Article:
In turn, analytics can in itself help improve engagement and motivation by creating a culture of recognition and strengthening team spirit. When performance data is worthy of praise, the respective teams can be rewarded for their contributions.
Finally, analytics is essential when it comes to optimizing large-scale operations. Multinational organisations gather immense volumes of data in their WFM systems and analytics puts it to good use. It also empowers organisations to derive valuable insights from complex and highly varied data across regions (regarding labor laws, taxation, and so on).
The best workforce management software has integrated analytics features.
Types of Analytics Used in WFM
This form of analytics uses historical data in order to predict trends. These trends may pertain to areas such as labor market changes, employee turnover and skills shortages. Once again, this form of analytics enables a proactive approach by modelling how requirements will evolve over time.
As above, historical data is used with these models. The difference here is that recommendations for improvements are made and – in models backed by Machine Learning – the recommendations would be based on what has proven to be most effective in the past.
Diagnostic models assess workforce performance metrics in order to uncover the causes behind successes and failures. In other words, it helps to shed light on otherwise hidden workforce issues. Based on these insights, organizations can take the necessary steps to eliminate inefficiencies and improve the required areas.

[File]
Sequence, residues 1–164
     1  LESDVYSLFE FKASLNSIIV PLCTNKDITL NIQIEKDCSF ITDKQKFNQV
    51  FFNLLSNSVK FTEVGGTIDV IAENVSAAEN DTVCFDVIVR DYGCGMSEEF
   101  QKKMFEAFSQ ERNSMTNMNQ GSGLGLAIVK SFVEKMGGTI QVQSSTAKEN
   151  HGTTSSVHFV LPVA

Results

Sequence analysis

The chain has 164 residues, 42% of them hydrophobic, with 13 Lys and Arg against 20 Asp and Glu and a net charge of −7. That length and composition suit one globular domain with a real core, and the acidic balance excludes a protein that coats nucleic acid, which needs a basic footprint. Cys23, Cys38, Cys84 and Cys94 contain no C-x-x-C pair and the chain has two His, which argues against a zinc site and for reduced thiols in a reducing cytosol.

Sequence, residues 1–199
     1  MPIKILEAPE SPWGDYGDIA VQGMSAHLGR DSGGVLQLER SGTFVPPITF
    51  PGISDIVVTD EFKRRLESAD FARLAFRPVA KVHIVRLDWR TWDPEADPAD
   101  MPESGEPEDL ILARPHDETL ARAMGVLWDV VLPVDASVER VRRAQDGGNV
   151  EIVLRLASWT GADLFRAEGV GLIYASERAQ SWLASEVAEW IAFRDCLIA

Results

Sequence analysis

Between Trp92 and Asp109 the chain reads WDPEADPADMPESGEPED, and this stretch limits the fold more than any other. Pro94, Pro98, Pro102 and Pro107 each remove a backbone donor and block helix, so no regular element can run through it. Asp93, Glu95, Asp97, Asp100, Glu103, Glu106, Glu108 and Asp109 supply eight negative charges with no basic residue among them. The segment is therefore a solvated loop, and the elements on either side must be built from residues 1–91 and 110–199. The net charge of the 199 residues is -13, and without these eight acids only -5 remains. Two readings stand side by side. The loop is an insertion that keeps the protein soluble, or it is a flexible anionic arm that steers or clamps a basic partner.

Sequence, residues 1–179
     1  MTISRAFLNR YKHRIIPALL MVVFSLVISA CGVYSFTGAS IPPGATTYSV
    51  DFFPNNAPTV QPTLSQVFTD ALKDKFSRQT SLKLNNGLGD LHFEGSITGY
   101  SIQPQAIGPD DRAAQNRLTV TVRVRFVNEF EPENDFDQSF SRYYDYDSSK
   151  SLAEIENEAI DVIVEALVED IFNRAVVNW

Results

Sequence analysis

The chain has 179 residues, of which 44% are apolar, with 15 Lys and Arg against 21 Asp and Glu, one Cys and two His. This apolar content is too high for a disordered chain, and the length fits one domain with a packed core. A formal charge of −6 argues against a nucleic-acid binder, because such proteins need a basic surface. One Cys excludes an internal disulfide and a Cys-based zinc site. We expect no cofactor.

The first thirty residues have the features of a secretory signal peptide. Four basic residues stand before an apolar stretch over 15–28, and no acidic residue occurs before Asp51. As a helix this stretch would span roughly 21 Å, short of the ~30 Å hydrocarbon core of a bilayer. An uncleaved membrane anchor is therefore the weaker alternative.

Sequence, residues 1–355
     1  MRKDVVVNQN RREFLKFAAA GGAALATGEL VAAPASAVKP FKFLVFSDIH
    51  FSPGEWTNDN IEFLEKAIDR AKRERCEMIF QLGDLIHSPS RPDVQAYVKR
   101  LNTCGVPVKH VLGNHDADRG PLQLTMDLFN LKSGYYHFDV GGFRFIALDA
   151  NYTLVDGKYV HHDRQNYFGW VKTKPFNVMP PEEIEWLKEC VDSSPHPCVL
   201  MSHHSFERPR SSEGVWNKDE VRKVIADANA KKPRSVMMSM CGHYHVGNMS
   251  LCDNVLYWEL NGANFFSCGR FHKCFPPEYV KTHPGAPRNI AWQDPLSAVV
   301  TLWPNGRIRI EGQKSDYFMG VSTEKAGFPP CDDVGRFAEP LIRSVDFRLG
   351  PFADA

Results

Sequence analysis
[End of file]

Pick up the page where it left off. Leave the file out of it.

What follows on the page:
Use Cases of WFM Analytics
We mentioned above that workforce analytics greatly relies on payroll data. Well, it’s important to note that analytics can achieve more than payroll reporting is capable of; while reporting is beneficial, analytics provides a multi-faceted view of the payroll function and its underlying trends in order to provide decision support. For example, it can help identify which aspects of the organization are most productive and which are having disproportional effects on indirect labor costs.
In a large organisation, absenteeism can slip under the radar. Thanks to analytics, you can find patterns pertaining to specific departments, teams, shifts, or individuals as well as the impact that missed work days are having on business objectives.
Below are some more examples of the types of insights that are possible with workforce analytics.
Minimizing Payroll Errors